Pole 1We have tried to explore the area and have made frequent trips from Playa Flamingo to Huacas and Tamarindo.  On the road to Tamarindo we noticed a field burning around the base of a telephone pole.  The next day, the pole had completely burnt off at the base and what was left was hanging from wires above.  We thought surely someone would see it and extinguish the fire before it reached the wires.  The road is patrolled regularly by the local police and all it would have taken is a bottle of water to put it out.  Apparently, no one really cared.  As you can see in the photo on the right, two days later the pole was still smoldering (look closely at the base and you can see the smoke).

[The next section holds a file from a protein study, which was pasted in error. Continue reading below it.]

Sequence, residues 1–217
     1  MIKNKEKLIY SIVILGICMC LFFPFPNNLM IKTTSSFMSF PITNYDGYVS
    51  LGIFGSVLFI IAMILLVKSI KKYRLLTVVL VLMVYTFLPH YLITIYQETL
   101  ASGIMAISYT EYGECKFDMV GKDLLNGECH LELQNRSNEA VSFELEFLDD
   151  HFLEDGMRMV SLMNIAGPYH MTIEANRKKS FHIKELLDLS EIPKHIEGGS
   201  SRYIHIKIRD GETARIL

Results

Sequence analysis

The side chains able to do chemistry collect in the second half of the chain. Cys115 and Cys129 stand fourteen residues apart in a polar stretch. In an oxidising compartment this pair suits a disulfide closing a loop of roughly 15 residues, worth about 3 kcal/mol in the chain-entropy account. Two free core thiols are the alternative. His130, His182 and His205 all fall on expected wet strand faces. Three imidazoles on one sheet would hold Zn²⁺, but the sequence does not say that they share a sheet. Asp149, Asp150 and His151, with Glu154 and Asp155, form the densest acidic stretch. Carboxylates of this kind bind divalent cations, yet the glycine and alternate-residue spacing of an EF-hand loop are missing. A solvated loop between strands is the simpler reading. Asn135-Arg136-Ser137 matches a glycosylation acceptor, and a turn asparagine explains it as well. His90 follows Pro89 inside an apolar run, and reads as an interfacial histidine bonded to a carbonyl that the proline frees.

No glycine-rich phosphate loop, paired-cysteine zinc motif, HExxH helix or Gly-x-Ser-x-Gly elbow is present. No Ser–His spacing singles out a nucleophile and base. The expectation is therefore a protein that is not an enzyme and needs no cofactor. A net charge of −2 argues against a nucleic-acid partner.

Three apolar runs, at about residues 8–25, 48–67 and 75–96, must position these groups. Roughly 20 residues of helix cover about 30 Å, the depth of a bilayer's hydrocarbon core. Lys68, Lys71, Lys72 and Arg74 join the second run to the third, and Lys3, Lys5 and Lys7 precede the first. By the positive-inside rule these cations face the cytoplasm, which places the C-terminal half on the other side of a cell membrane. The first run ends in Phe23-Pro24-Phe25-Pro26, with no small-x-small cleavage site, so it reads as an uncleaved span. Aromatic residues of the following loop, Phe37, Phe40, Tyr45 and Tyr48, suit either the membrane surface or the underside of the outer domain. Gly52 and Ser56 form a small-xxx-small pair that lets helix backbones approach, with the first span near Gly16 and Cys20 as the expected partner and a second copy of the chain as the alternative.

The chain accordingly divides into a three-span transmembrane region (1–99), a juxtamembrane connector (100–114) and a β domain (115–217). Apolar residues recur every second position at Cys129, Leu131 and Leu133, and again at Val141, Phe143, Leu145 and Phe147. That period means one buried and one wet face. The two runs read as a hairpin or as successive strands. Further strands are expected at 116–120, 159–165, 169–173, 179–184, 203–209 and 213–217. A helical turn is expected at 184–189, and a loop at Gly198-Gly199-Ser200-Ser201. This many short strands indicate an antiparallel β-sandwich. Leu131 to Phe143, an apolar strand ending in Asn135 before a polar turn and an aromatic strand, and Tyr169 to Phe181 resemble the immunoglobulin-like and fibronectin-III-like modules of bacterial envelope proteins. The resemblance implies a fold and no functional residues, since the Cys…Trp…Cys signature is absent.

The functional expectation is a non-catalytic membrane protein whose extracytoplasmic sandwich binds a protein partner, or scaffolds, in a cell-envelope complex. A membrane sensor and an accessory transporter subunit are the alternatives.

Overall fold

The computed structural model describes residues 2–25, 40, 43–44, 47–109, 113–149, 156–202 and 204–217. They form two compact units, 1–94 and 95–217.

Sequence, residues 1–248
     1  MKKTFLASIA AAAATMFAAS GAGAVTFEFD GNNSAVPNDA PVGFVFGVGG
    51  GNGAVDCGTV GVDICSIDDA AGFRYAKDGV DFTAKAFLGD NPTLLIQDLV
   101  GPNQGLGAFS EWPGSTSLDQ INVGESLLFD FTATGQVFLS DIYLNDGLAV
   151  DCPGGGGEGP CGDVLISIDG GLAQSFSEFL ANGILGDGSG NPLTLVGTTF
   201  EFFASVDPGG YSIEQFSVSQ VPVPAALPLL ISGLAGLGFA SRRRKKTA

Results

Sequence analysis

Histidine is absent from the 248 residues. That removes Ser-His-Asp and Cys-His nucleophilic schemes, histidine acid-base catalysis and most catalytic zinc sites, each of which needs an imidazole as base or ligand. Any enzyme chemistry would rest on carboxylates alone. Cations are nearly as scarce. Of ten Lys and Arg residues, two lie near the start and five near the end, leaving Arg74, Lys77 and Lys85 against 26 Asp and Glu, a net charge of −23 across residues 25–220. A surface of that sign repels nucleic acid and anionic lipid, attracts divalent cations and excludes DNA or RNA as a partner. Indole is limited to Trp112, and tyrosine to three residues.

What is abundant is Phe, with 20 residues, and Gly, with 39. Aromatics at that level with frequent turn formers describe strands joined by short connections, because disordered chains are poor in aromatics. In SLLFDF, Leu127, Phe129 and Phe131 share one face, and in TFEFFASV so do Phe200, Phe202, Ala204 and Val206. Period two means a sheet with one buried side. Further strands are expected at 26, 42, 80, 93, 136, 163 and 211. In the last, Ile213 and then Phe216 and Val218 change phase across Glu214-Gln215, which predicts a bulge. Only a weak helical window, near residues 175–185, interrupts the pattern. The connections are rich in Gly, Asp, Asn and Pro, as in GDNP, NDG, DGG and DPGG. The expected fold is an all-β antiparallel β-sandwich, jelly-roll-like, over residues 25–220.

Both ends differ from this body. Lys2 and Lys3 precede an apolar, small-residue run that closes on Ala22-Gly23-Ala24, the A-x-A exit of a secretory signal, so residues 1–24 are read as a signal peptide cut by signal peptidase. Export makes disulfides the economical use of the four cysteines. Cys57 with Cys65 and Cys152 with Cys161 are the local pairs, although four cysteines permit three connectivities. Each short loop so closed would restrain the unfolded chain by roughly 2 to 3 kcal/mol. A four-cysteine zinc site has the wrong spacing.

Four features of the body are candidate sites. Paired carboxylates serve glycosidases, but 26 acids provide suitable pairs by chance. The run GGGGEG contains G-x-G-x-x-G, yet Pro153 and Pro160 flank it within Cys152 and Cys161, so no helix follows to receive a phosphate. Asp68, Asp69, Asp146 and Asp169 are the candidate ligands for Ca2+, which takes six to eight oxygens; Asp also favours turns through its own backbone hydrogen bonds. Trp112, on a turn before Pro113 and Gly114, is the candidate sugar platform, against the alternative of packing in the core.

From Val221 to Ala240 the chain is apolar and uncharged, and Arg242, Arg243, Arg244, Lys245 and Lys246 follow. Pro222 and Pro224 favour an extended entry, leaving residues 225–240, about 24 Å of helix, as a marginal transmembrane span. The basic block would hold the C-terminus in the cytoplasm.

Pole 5On an drive the following day, we passed the pole yet again.  It was continuing it’s slow burn.  Much to our astonishment, all that was left was a small nubbin–the pole had burned all the way up to the wires with only about 2 feet left.  Out of curiosity, Heide and I went cruising again yesterday and there is nothing left but the bracket !!!  The pole is completely gone and nothing but an ash heap on the ground.  The wires appear to be unharmed.  The bracket is ready for a replacement pole.

The lifestyle in Costa Rica is restfully laid back.  Apparently even the loss of a telephone pole does not cause anyone to spring into action.

In their defense, I didn’t stop to put it out either.  I may be becoming an honorary Tico !

Addendum:  And then there was nothing left but the bracket !!!

The Bracket